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Discussion Starter #1
My S&W 629 has what appear to be either scorch marks or carbon buildup on the exterior of the cylinder near the front. What would you recommend to clean this up? I prefer something I could use on my blued guns as well, so please nothing abrasive enough to damage bluing. Hoppes #9 and nitro bore solvent both failed to wipe it off.
 

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I don't know of anything that won't hurt blued finishes but if you go to your local auto parts store you can find solvents that remove the blue and yellow marks that form on exhaust pipes on motorcycles. It should work on Stainless revolvers because it is the same process! There is a link to a website for a bottle of blue away that does this:

http://www.hmcycle.com/webstore/viewite ... e=viewprod
 

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I found something that works exceptionally well. Kleen Bore Lead Away gun cleaning cloths. One wipe removed all of the carbon build up. Semi, I bet this would be great for your Nickel model 10. I'll let you try it soon. A little goes a long way.
 

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I've used Barnes CR-10 cleaner - with good results on the outside of the cylinder - but the scorch marks on the end of the cylinder are very difficult to remove.

I also shoot a shotgun product - shooter's choice shotgun and and choke tube cleaner. It comes in a 12oz spray can for about $ 10 - $12 and it works pretty well too for general cleaning ( I've given up on the old Hoppes #9). This won't harm a blued finish either.
 

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Discussion Starter #8
Do not use the Lead Away cloths on a blued gun! Bluing comes right off very quickly.

Dixie Slugs, is Flitz paste abrasive enough to damage bluing?
 

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I first saw Flitz demo'ed at a merchandise show many years ago. They were using it to also clean blued guns. I've used it and it does not seem to hurt. Flitz also has a chemical in it that supposed to help perseve the finish, if the gun not cleaned with any solvents after wiping the Flitz off. We have used it for years also cleaning out rifle barrels and preping new barrels.....Regards, James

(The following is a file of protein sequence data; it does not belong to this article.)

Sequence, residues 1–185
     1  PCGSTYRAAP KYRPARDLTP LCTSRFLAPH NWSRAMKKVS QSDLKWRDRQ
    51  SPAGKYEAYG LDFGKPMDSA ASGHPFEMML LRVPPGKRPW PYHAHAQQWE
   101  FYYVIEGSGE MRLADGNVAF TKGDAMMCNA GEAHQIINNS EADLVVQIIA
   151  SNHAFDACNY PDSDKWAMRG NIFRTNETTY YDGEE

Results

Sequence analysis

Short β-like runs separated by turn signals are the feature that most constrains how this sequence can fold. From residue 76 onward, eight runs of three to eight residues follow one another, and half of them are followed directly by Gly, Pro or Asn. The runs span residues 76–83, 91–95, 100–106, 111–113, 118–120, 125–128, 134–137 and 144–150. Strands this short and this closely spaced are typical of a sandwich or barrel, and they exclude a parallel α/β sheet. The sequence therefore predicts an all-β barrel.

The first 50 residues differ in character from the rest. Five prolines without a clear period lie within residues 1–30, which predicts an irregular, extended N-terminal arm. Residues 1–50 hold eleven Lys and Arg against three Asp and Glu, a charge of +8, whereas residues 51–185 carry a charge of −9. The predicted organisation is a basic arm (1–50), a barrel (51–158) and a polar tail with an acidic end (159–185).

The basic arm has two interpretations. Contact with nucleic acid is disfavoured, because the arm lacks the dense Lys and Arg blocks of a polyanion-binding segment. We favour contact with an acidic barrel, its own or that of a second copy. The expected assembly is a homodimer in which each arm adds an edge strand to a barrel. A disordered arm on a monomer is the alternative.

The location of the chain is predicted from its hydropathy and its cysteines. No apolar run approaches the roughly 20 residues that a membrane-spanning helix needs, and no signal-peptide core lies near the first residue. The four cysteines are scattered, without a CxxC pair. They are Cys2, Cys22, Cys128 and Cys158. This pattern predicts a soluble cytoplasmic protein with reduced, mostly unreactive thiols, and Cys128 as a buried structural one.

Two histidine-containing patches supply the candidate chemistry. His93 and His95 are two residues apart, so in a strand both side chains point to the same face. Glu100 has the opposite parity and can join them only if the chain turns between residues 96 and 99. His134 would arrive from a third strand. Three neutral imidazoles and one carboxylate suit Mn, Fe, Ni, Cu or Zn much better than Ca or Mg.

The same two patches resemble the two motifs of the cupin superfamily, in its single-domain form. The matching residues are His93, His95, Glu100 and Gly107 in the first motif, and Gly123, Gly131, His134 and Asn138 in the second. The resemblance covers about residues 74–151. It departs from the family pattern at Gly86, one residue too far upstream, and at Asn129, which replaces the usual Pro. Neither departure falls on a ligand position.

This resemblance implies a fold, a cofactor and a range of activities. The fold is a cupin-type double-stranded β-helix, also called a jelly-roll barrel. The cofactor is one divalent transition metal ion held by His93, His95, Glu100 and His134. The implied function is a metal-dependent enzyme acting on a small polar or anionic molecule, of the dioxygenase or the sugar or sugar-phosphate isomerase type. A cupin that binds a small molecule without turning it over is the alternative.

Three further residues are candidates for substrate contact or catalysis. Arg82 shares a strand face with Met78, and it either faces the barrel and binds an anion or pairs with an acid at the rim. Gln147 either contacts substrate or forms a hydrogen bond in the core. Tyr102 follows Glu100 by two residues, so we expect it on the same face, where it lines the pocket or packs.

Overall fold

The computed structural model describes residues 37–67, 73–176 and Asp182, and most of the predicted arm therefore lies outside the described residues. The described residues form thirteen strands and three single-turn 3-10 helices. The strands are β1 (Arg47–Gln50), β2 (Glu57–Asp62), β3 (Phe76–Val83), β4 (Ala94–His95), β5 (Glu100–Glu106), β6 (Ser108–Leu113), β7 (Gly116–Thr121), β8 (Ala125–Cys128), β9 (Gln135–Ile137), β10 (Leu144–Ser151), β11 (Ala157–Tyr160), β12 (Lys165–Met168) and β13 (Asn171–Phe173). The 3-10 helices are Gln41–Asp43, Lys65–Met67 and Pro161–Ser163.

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I've heard of people using brake cleaner for stuff like that as well. If that doesn't clean something, nothing will :shock: . I'd almost be afraid of using that on a blued cylinder, though.

I get good results from Hoppe's Benchrest copper formula. It's a bit stronger than #9, it would seem. I wipe it on, let it settle in for a little while, and then a little toothbrush action takes care of the rest. It's more expensive than #9, though.
 

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I've had this issue with a S&W 617, and the best thing I've found are the newer bore cleaners, ie. Hoppe's Elite, and Gunslick Ultra-Klenz.
 

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I have a 640, 629, and a 617. You get some nasty powder fouling on the front of the cylinder and the underside of the topstrap just above the forcing cone. My 617 seems to be particularly bad. Maybe its because I shoot it the most, or its because of the waxy lubricant on rimfire bullets. Whatever the case, on stainless guns, I use a good powder solvent and a bronze bristled brush. That usually does the trick. I got my brush from the local gun shop, its like a toothbrush, just with bronze bristles instead of plastic. I use Shooter's Choice solvent, though I am sure there are others that will work as well. A little chunk of 0000 steel wool soaked in solvent gets the stubborn stuff off. I have used fine steel wool (000 or 0000) soaked with oil or solvent, even on blued steel. You have to be careful and not use too much pressure, but I have removed surface rust from poorly maintained or improperly stored firearms that way without harming the blueing.
 

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I use "Nevr Dull" cotton wadding polish (Walmart) It seems to do a good job on removing the racoon eyes on my stainless 686.
 

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If you want simplicity in cleaning then use the "lead away" you literally just wipe off the bad stuff.

But as said it is not to be used on blue guns.

For blue the easiest are as mentioned, Flitz has always been good just no one has heard of it the same with Nevr dull. It can be used with the finest jewelry and not harm or mark it and it will clean anything you want to get off quite well.

The other and the one we use at the range for all the guns we have to clean there in our rental counter (currently about 50 guns, rifle, pistol and SG) is the MPRO 7.
It is biodegradable, does not stink, looks like soapy water but a cleaner of guns it is most definately.

No matter how dirty they get this stuff cleans them out.
I usually spray a little in or on and let it set for a few miniutes and then squirt it again and clean just as you clean every other gun in you r home nothing different.

UF
 

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Flitz works the best out of all that I've tried... on stainless finishes. I don't own a blued gun so I cannot comment there.
 
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